Of the many reasons that a slim minority of voters chose to elect a bombastic reality television star to be president of the United States, climate change was surely not high on the list. Nonetheless, Donald Trump assumed the office last week openly hostile to the environmental movement. He has threatened to withdraw from the Paris climate accord, gut the Barack Obama administration’s Clean Power Plan, and cut funding for climate science research. Should he follow through, two decades of work trying to translate a growing understanding of human-caused global warming into explicit treaties at the international level and emissions policies at the federal level will have reached their denouement. And that, in the long run, might be a good thing for the climate.
THE STATUS QUO’S SMALL FOOTPRINT
Since international efforts to limit carbon emissions began in earnest almost 30 years ago, there has been little evidence that either international agreements or national commitments to cap and reduce emissions have done much good. Analysis published late last year by our research outlet, the Breakthrough Institute, found that the carbon intensity of energy systems fell faster before climate policies were enacted in California, Germany, and around the world through the Kyoto Protocol. Modeling by the Yale economist William Nordhaus (the uncle of one of the authors) released last year reached a similar conclusion.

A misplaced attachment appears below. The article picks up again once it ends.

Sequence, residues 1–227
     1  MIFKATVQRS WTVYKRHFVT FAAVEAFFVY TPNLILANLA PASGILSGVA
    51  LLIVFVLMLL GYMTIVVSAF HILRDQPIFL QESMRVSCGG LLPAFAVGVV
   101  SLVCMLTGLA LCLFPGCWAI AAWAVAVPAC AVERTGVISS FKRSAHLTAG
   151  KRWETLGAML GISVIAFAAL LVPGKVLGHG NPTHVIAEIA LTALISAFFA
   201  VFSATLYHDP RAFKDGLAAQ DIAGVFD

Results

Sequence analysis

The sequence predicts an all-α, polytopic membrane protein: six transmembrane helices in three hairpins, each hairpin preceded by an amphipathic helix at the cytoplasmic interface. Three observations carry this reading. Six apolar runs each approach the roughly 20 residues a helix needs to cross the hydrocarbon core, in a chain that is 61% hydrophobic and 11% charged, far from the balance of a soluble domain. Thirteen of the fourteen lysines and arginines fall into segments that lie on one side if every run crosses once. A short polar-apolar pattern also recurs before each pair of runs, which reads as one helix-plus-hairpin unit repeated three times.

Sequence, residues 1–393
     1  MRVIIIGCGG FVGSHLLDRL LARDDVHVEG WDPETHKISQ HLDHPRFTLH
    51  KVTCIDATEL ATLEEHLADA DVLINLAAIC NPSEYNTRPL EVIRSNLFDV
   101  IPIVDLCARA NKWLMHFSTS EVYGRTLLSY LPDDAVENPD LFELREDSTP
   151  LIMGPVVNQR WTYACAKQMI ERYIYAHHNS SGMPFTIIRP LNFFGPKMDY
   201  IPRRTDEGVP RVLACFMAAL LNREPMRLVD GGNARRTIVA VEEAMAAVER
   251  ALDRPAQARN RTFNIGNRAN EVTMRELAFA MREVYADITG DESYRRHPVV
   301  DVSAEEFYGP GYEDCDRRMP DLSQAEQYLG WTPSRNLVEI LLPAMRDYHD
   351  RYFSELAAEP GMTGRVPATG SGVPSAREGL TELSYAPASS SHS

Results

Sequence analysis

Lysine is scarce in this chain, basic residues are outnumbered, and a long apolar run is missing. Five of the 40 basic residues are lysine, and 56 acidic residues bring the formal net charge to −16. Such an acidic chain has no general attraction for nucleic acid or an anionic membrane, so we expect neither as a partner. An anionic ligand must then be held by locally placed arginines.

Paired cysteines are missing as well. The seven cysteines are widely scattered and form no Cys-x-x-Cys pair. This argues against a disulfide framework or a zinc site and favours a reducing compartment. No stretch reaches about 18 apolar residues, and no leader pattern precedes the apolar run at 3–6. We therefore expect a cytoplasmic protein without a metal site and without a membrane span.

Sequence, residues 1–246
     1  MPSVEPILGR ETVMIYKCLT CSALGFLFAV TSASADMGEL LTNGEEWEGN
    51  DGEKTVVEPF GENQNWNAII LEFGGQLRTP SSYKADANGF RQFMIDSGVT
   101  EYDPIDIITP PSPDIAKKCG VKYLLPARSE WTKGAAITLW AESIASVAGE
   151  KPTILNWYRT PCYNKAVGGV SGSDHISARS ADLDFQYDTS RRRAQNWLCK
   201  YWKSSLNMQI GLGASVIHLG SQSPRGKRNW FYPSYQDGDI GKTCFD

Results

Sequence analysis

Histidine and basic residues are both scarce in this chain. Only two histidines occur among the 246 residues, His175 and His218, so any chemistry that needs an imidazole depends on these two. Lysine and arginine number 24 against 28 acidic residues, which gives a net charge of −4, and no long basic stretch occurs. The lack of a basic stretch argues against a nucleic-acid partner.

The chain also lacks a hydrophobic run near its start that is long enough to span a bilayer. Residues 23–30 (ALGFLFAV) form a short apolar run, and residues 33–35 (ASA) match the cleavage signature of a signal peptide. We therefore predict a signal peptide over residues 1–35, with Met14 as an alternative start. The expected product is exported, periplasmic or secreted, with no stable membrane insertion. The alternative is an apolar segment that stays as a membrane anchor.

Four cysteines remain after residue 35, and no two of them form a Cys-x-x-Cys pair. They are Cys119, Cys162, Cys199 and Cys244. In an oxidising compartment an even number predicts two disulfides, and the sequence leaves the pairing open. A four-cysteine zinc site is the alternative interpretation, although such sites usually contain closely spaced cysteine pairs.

Emissions growth rates in various economies around the world have risen and fallen over recent decades, mostly owing to macroeconomic factors or technological developments. The collapse of the Soviet Union, the reunification of Germany, the opening of China to the global economy and its subsequent entry into the World Trade Organization, and the Great Recession all had clear and demonstrable impacts upon emissions. So, too, did the shale revolution in the United States and France’s and Sweden’s decisions in the 1970s and 1980s to go nuclear. Carbon treaties, caps, regulations, and taxes, meanwhile, have not.